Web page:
Insight: The five most addictive substances in the world

The five most addictive substances in the world

Chances are, you’ve tried at least two of these addictive substances. Here’s how they affect your brain.

1. Heroin

Heroin is an opiate that causes the level of dopamine in the brain’s reward system to increase by up to 200% in experimental animals. In addition to being arguably the most addictive drug, heroin is dangerous, too, because the dose that can cause death is only five times greater than the dose required for a high.

2. Cocaine

Cocaine directly interferes with the brain’s use of dopamine to convey messages from one neuron to another. In essence, cocaine prevents neurons from turning the dopamine signal off, resulting in an abnormal activation of the brain’s reward pathways. In experiments on animals, cocaine caused dopamine levels to rise more than three times the normal level.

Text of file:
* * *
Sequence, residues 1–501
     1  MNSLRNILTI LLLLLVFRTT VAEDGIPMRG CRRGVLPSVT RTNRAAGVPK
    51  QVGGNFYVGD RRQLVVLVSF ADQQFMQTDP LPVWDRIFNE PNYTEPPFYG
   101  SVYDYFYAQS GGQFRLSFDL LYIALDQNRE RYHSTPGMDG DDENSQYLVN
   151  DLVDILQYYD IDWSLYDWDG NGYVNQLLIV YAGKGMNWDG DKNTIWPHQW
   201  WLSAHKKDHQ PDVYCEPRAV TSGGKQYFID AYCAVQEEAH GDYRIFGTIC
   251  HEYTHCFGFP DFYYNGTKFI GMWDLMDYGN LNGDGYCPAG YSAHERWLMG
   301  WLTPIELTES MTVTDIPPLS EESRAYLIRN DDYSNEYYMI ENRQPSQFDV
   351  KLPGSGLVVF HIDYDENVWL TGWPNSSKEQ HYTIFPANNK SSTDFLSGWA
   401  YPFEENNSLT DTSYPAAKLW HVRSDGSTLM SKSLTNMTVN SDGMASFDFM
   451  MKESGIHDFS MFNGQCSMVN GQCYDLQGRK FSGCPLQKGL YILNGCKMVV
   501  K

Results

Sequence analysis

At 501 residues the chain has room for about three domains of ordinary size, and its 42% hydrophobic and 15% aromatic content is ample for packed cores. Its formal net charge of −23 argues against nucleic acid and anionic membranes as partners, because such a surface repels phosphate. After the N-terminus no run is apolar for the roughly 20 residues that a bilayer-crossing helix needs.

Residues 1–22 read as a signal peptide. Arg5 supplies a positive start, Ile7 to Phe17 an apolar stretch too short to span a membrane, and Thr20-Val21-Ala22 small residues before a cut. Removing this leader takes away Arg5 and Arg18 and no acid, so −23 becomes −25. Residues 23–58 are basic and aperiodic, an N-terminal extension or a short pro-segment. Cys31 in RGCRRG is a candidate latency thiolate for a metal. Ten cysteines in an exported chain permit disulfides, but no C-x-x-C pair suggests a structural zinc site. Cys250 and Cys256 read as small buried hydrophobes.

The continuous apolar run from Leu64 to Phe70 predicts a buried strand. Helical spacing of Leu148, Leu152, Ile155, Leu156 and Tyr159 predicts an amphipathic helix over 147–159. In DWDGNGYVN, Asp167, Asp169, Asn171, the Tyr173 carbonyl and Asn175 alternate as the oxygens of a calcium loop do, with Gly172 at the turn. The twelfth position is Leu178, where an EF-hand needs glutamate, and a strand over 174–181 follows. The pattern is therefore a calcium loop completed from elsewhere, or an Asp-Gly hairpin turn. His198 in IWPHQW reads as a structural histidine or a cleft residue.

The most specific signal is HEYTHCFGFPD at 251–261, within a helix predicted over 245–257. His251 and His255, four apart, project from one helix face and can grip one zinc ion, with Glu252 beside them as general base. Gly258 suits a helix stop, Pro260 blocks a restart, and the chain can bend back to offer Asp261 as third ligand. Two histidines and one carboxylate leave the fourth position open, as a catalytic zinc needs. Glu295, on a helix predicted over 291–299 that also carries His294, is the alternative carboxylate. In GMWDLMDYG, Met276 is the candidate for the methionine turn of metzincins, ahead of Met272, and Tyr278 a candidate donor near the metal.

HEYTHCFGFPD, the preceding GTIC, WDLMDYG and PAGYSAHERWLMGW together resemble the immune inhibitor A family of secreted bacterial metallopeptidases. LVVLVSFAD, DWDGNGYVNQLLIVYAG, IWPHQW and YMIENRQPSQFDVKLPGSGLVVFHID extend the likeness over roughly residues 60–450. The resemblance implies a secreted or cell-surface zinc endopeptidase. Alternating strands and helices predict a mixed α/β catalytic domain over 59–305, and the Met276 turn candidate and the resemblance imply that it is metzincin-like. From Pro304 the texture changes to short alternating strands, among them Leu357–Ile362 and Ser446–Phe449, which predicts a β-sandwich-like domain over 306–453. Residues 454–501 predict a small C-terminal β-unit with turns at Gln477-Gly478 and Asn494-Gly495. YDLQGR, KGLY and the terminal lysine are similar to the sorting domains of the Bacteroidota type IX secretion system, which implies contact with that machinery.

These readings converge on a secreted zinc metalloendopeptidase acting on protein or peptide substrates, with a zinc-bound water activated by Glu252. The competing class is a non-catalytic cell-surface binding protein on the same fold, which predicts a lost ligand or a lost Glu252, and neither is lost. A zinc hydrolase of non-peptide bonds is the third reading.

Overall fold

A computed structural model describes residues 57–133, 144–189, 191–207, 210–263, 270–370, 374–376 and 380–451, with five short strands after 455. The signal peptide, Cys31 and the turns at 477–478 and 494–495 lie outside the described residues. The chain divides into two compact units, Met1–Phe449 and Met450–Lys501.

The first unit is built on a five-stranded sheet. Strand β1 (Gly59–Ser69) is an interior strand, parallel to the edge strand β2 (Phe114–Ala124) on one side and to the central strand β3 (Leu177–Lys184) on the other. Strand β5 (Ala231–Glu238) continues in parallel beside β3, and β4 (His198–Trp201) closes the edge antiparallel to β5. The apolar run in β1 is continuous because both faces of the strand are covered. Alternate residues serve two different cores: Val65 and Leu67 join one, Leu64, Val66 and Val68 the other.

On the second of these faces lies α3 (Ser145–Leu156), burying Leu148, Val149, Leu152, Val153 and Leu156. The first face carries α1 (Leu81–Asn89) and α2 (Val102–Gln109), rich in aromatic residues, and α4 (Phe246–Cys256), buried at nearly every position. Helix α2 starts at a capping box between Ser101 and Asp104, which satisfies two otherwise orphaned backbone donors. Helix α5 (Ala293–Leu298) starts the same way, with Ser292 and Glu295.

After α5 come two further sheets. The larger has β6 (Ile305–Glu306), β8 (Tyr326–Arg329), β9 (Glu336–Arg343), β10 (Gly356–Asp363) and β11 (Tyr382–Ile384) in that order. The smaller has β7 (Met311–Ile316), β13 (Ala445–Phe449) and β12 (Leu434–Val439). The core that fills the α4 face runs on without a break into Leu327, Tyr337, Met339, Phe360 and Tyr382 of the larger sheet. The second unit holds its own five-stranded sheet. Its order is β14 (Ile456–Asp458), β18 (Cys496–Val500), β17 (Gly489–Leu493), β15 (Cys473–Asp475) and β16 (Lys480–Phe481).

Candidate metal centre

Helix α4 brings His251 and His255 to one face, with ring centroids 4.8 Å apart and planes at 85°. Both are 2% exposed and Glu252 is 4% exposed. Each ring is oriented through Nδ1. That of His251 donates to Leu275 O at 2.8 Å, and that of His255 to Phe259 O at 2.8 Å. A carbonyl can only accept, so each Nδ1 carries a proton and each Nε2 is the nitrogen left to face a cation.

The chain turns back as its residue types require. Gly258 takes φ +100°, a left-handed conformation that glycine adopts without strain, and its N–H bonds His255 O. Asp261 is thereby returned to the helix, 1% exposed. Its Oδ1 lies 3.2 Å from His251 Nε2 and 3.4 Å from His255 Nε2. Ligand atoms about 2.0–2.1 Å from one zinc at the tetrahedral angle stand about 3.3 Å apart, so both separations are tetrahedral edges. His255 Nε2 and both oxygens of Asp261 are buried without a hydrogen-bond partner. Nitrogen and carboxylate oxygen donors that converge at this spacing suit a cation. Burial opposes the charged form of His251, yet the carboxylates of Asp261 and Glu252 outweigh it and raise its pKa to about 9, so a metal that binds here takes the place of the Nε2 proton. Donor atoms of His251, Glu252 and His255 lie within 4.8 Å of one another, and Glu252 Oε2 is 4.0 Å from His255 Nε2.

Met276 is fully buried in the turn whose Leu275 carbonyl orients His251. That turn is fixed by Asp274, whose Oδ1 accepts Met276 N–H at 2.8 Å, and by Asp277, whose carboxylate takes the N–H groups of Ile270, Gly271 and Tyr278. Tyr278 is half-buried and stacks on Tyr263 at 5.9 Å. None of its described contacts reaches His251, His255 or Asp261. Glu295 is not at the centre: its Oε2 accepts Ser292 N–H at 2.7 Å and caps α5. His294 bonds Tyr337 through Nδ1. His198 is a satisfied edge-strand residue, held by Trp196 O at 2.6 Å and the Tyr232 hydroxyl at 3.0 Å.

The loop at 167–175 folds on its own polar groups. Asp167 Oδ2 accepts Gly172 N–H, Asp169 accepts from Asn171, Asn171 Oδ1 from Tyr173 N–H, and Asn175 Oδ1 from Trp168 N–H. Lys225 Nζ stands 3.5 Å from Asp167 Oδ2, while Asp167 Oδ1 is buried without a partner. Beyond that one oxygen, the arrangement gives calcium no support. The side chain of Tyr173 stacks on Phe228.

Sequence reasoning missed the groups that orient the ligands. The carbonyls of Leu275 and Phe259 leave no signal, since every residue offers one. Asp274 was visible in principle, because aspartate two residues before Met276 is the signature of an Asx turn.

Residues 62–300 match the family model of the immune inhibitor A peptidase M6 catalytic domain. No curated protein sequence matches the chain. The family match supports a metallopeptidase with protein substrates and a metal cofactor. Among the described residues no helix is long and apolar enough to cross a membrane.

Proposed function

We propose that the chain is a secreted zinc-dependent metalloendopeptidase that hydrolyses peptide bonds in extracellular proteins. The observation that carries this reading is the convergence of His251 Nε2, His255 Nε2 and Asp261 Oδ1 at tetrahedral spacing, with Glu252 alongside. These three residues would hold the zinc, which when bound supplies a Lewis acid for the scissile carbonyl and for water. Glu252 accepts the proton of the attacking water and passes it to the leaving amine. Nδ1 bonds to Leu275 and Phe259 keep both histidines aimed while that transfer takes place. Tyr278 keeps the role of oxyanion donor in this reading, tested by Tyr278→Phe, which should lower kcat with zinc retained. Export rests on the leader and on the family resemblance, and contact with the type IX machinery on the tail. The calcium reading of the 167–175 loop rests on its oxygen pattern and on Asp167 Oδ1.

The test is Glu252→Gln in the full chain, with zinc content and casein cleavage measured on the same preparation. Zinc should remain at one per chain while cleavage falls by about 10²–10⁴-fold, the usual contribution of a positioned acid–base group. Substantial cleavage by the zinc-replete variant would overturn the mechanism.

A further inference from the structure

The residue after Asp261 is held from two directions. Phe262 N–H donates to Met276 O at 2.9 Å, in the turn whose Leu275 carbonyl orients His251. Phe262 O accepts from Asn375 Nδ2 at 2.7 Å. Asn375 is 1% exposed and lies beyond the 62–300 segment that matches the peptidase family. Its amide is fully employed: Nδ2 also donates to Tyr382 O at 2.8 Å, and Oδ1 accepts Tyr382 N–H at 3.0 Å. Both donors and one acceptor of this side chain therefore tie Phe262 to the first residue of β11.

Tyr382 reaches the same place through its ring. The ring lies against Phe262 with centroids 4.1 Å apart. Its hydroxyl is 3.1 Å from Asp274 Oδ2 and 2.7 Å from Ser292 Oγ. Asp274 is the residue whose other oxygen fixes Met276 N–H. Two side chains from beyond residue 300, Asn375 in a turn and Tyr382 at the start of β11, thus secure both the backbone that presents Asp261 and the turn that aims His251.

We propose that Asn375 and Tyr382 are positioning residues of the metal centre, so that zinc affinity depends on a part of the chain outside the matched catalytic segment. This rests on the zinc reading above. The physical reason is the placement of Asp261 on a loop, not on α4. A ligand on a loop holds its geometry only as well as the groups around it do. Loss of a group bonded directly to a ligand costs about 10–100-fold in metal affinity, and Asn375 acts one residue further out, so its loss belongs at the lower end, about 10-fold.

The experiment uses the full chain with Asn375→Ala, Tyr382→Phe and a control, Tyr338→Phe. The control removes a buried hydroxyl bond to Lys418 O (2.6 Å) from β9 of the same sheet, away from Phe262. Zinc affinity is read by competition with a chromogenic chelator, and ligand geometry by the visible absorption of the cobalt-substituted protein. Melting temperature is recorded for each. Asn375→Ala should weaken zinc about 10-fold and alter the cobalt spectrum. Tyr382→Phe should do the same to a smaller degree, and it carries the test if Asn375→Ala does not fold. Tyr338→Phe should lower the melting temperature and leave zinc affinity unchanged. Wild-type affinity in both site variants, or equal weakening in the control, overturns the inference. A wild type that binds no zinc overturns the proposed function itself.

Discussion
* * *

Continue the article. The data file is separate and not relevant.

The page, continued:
3. Nicotine

Nicotine is the main addictive ingredient of tobacco. When somebody smokes a cigarette, nicotine is rapidly absorbed by the lungs and delivered to the brain. Nutt et al’s expert panels rated nicotine (tobacco) as the third most addictive substance.

4. Barbiturates (“downers”)

Barbiturates — also known as blue bullets, gorillas, nembies, barbs and pink ladies — are a class of drugs that were initially used to treat anxiety and to induce sleep. They interfere with chemical signalling in the brain, the effect of which is to shut down various brain regions. At low doses, barbiturates cause euphoria, but at higher doses they can be lethal because they suppress breathing.

5. Alcohol

Although legal in the US and UK, alcohol was scored by Nutt et al.’s experts 1.9 out of a maximum of 3. Alcohol has many effects on the brain, but in laboratory experiments on animals it increased dopamine levels in the brain’s reward system by 40% to 360% — and the more the animals drank the more dopamine levels increased.

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